DEWITT, N.Y. (WSYR-TV) — Onondaga County has committed to NewsChannel 9 it will clean up garbage piling up in the parking lot around ShoppingTown Mall.

People who’ve noticed the piles while driving through the parking lot have emailed NewsChannel 9’s Your Stories team with their concerns. Among the mess are carpet remnants, carpet pads, pieces of lawnmowers and bags of garbage.

Unaware of the problem, NewsChannel 9 showed pictures of the mess to Onondaga County Executive Ryan McMahon. He said, “If that’s ours, that’s our responsibility to get it cleaned.”

McMahon warned fines and possible arrest to people caught dumping trash.

“You should never use anybody’s real estate to drop garbage or use any public right of ways,” McMahon said in an interview with NewsChannel 9. “People shouldn’t do things like that. That’s a dumb thing to do.”

With the mess outside, Onondaga County has been focused side. Ever since its owned the mall, its facilities department has worked to patch the leaking roof and keep the heat working through winter.

Any day, the county is expected to transfer ownership of the property to the group of developers chosen last summer.

When asked why the transfer has taken almost a year, McMahon said: “We’re not going to lock ourselves in to a contract with any developer until we know where things are going and things will actually get done… We think we made tremendous progress. We think that contract will be on my desk this week.”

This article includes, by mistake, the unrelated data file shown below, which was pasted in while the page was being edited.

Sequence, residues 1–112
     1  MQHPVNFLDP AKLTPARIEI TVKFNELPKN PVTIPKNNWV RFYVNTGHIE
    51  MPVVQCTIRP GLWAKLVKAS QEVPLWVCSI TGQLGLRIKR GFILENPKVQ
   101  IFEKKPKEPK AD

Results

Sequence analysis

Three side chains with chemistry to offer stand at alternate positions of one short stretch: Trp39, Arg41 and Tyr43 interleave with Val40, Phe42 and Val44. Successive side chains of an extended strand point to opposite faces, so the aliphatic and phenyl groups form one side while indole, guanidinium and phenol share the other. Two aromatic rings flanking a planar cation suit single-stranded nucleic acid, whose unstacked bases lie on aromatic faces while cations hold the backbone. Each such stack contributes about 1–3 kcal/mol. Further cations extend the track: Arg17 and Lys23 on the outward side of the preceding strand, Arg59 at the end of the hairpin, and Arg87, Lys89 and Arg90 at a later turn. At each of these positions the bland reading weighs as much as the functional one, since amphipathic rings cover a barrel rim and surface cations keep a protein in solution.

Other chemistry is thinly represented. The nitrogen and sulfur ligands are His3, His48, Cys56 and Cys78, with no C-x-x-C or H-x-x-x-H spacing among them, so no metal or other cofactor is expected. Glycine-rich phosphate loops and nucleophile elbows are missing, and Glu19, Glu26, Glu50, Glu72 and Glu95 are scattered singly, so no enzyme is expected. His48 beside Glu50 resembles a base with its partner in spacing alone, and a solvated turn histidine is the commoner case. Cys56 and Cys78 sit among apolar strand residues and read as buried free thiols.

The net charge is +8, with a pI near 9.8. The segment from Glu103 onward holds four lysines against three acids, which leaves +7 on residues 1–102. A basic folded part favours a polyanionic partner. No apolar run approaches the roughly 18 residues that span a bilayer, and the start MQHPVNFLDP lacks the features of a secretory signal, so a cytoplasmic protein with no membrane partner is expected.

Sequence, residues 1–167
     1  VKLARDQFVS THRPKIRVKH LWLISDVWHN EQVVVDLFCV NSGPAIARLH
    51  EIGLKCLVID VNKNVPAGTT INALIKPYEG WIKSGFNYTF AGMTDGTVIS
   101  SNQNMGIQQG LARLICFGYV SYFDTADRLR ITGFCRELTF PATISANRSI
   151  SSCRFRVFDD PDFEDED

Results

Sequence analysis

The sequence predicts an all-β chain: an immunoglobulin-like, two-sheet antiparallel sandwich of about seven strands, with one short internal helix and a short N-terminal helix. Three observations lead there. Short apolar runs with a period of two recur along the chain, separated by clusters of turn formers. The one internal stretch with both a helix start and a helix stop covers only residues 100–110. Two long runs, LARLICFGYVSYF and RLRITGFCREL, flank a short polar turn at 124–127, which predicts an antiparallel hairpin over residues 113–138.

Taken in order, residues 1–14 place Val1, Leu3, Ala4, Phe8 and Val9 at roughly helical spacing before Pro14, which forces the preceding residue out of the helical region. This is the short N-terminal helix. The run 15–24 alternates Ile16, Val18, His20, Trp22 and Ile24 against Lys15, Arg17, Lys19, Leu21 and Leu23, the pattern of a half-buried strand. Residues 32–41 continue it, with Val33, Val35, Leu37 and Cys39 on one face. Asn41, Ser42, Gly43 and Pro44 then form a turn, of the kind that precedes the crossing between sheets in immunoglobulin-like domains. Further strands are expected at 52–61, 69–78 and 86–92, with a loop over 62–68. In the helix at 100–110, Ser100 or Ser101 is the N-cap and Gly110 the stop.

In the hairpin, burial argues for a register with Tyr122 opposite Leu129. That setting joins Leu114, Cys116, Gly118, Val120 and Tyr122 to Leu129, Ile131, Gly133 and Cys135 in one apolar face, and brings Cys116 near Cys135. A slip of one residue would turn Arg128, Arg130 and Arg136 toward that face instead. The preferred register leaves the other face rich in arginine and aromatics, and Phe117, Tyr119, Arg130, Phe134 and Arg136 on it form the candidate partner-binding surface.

Ryan Benz, one of the leaders behind the “District East” development released last July, says his team meets three-to-four times per week.

He said, “From a commitment perspective, we are extremely heavily financially invested in this project. We’re not going anywhere. We’re just going through this process.”

He said his redevelopment of the Penfield Building in Syracuse took 30 months, including drawings and financing. The ShoppingTown Mall project, he says, is seven times larger.

Slowing down the process is the refusal by the owners of both the former Sears and Macy’s stores to sell the outparcels to the developers. Once the primary property is sold to the developers, they plan to apply for eminent domain to get control of the entire site.

“We are optimistic that ultimately ownership will be consolidated,” Benz said. “Without that process, there will be no project.”